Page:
Dr. Fox: If you have an 8:00 cesarean and their instructions were, don’t solid foods for eight hours, let’s say, and you said, “Oh, I woke up at 4 in the morning and had a cookie.” They’ll say, “We’re not doing it.” You know, because there’s no emergency right now, you’re not dying, your baby is not dying, we’re not doing it. We’re either gonna wait till noon, eight hours after you ate, or we’re going to reschedule it till tomorrow. And people get very frustrated by that. And, you know, clearly, people don’t intend to, you know, go against the rules, it’s usually they just didn’t bother to read them and will be like, “Well, what’s the harm of a cookie?” And the anesthesiologist is like, “I’ll tell you the harm of cookie, or I won’t, I’m just canceling your case because I’m the boss. Like, I’m not giving you anesthesia.” And that’s even though most people having a cesarean are not going to be put to sleep. They’re gonna have a spinal epidural. It’s just, since they might need to be put to sleep, they see no reason to take additional risk for you, the patient, and for them, sort of as doctors. And so, there’ll be as cautious as possible. So, different hospitals have different rules with these things based on whether you’re pregnant or not, what operation you’re having, and sort of how, you know, the wind blows in that hospital with their recommendation. 

 

So, definitely, definitely be aware of that, that that is an issue. Now, if you’re in labor and you have an epidural, they will do it. And obviously, if you need a cesarean, they will do it regardless of whether you’re eating or drinking or not, or this or that, because they can’t, sort of, you know, cancel labor. But if you had a scheduled case, they will delay or cancel it potentially if those are not followed to the T. 

 

Dr. Aksel: On that topic, I know, you know, some patients have medications that they’re supposed to take in the morning. They’re supposed to take at night. It’s really important to check with your doctor and your surgeon beforehand to see if the medications that you’re taking ought to be taken regardless.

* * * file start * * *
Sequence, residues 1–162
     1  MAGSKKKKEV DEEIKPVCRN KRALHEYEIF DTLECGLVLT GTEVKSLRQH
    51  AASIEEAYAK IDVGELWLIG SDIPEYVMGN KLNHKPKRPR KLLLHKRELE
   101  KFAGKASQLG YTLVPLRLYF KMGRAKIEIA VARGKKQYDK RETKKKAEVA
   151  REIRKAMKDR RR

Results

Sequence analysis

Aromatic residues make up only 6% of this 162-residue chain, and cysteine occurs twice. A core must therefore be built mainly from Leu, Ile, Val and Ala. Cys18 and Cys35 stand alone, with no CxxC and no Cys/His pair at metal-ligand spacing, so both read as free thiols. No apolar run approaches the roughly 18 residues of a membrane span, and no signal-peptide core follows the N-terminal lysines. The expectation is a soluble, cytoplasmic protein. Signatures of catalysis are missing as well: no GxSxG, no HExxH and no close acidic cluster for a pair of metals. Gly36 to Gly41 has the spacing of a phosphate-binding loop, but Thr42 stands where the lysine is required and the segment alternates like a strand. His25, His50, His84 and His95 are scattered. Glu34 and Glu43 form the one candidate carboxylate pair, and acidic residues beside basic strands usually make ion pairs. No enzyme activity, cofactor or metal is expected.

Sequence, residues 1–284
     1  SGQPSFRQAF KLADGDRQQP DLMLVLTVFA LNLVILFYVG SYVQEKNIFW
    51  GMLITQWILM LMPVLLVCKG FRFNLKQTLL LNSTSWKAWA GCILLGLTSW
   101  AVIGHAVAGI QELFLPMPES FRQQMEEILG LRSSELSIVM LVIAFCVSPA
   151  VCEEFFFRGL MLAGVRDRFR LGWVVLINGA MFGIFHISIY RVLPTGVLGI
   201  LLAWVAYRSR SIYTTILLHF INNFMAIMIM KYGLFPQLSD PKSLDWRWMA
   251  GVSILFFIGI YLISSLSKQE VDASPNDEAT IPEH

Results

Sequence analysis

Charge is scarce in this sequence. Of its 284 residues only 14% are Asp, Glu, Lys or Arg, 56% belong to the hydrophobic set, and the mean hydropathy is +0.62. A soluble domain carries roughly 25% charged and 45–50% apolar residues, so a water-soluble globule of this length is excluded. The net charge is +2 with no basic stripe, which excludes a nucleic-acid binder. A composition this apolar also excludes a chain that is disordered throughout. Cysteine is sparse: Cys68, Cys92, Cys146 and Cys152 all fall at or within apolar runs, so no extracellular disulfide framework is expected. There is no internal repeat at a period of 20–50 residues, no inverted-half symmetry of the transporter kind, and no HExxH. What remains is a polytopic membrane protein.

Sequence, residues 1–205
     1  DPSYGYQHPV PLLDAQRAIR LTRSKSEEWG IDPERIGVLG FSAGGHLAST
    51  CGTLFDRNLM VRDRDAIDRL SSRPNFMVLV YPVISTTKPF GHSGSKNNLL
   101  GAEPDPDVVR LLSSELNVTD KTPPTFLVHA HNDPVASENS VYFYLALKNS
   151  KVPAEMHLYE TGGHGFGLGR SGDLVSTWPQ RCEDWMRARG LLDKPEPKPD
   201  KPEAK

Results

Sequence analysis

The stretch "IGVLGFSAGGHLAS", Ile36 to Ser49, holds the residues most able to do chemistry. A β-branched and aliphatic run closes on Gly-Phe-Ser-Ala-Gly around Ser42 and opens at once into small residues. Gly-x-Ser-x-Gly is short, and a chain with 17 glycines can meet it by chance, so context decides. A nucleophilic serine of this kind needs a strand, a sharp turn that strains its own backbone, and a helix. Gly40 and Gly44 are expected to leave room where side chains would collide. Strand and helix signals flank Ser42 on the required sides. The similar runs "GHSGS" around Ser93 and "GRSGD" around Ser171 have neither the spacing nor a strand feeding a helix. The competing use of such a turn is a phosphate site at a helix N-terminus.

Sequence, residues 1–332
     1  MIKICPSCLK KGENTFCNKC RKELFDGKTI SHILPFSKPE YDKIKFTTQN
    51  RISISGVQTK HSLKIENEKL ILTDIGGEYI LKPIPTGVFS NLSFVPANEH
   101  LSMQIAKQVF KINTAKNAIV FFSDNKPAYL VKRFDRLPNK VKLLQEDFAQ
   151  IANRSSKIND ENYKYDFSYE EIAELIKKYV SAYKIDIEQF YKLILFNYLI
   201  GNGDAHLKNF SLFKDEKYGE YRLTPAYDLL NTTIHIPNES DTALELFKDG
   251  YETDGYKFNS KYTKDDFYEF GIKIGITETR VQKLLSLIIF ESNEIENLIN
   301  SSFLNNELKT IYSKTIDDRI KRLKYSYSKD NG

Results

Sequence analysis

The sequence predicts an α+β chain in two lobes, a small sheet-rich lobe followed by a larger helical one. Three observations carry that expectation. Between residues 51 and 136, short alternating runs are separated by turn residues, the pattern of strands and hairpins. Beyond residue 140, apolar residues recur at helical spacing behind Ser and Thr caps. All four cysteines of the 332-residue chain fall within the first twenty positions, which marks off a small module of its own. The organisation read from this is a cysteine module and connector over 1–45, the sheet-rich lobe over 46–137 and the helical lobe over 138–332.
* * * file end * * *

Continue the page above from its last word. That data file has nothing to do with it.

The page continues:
Dr. Fox: And with what. 

 

Dr. Aksel: And with what. Exactly. I’ll tell you this, no pill should ever be taken with milk. Milk is just… Of all the liquids that you could consume, milk is probably the worst because that’s going to stick around. So, getting those instructions, those individualized instructions are going to be really important if you’re someone who has to take medication every day. 

 

Dr. Fox: Right. And also, on the same topic of medications, even if it’s not related to, will they be in my stomach or not, things that are injected, for example, like if people take blood thinners or injector, or they take insulin, for example, that’s something to make sure that you review with your doctor beforehand. Okay, am I doing this the night before? Am I doing it the morning of? You know, what’s my dose? Just to have a plan in place for all medications, you know, should I take them? When should I take them? How should I take them? All those things. 

 

And another thing that a lot of people find very valuable, I would say more so in our practice than others because we have this “high-risk” practice is, for people with maybe complicated deliveries before, or maybe significant medical problems, or sometimes people have had spine surgery before, have a meeting with the anesthesiologist in advance. Like, if you know you’re having a cesarean and you know they know you know that there’s going to be some sort of anesthetic placed, even if it’s just a spinal, and there’s some concern that you might be, you know, more than run-of-the-mill, right? There may be something, you know, unique about your history or about your anatomy, these can be scheduled. And not only do you, the patient, find it typically very valuable, anesthesiologists love having those meetings because it helps them get prepared in advance so there are no snags the day of. Because again, you don’t want to show up in the day of and go like, “Wait a second, we need to check this blood test, or we need to get this MRI before I do this.” It doesn’t happen a lot. But even if the thought comes up that they might need it, the stress level goes sky high and you definitely don’t want that. And so, I found that those meetings are invaluable for people in advance. Not everyone needs it, most people don’t, but certain people definitely benefit from those.